After resigning from the office of president following the Watergate revelations, a disgraced (and officially pardoned) Richard Nixon retreated to his California estate without ever having confessed to any wrongdoing despite the damning evidence against him. But in the spring of 1977 an amazing thing happened; a British talk show host with practically no journalistic credentials and very little financial backing convinced Nixon to sit down for a series of taped interviews centering on his career including his controversial foreign policies and, most importantly, Watergate itself. Squaring off like a pair of mismatched boxers a young and somewhat naïve David Frost was at first bowled over by the ex-president’s uncanny ability to dominate the conversation, twisting words and steering things away from uncomfortable territory. Convinced that they had gained the upper hand, Nixon’s team of advisors sat smugly by while Frost floundered at a loss for words. But when it came time for the final and most crucial interview, Frost and his team were prepared; the resulting verbal showdown went on to make television history. Reprising their stage roles as Frost and Nixon, Michael Sheen and Frank Langella are thoroughly convincing as a tabloid gadabout in way over his head and an unnervingly intense politician weighed down by too many guilty secrets. Their onscreen chemistry, at first cool and courteous, develops an unexpected depth and complexity until that final David & Goliath confrontation which sees a broken and contrite Nixon gaining some semblance of peace while Frost receives the validation and respect that had long eluded him. Aside from Langella and Sheen’s powerful presence, Kevin Bacon in the role of Nixon’s faithful lapdog, Jack Brennan, was also memorable. A bit of Hollywood hyperbole aside (a volatile nighttime conversation between the two men never really happened) this is still an absorbing drama with excellent performances all around and enough cleverly placed period touches to convince you it is indeed the late 70s. Good cinema.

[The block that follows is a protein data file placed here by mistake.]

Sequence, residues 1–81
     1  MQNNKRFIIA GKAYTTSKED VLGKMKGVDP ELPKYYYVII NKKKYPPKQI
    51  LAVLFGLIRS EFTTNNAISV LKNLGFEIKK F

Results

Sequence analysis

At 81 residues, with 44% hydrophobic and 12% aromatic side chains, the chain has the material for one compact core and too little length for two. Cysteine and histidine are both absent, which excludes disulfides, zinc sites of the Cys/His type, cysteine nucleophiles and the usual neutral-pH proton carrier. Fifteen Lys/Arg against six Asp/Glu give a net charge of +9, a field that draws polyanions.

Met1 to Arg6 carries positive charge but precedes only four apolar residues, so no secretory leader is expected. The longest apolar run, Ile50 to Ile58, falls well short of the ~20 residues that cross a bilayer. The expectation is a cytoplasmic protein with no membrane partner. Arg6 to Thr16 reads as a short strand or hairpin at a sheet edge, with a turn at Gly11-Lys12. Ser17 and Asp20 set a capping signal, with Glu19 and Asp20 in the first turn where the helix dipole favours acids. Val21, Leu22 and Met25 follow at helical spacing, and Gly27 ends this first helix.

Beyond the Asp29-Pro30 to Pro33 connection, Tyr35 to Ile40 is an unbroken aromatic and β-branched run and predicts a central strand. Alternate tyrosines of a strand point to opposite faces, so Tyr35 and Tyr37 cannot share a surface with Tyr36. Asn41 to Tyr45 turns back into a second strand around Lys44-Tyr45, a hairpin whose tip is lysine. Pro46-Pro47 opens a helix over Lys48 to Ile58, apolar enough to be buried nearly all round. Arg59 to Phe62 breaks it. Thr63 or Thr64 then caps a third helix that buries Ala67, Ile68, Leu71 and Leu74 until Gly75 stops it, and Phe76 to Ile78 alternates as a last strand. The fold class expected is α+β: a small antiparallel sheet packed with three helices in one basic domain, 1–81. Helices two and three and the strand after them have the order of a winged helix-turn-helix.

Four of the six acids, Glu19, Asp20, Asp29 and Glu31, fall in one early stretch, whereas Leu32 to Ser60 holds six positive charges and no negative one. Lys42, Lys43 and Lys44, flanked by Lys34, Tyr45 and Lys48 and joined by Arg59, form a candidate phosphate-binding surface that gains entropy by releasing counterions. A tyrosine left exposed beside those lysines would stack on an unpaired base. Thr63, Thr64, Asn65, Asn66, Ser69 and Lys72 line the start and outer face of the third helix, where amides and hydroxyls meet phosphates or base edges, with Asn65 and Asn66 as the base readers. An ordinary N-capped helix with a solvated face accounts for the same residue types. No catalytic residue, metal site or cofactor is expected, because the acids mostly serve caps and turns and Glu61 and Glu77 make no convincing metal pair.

Jun 12, 2014
  • Isley rated this: 3 stars out of 5.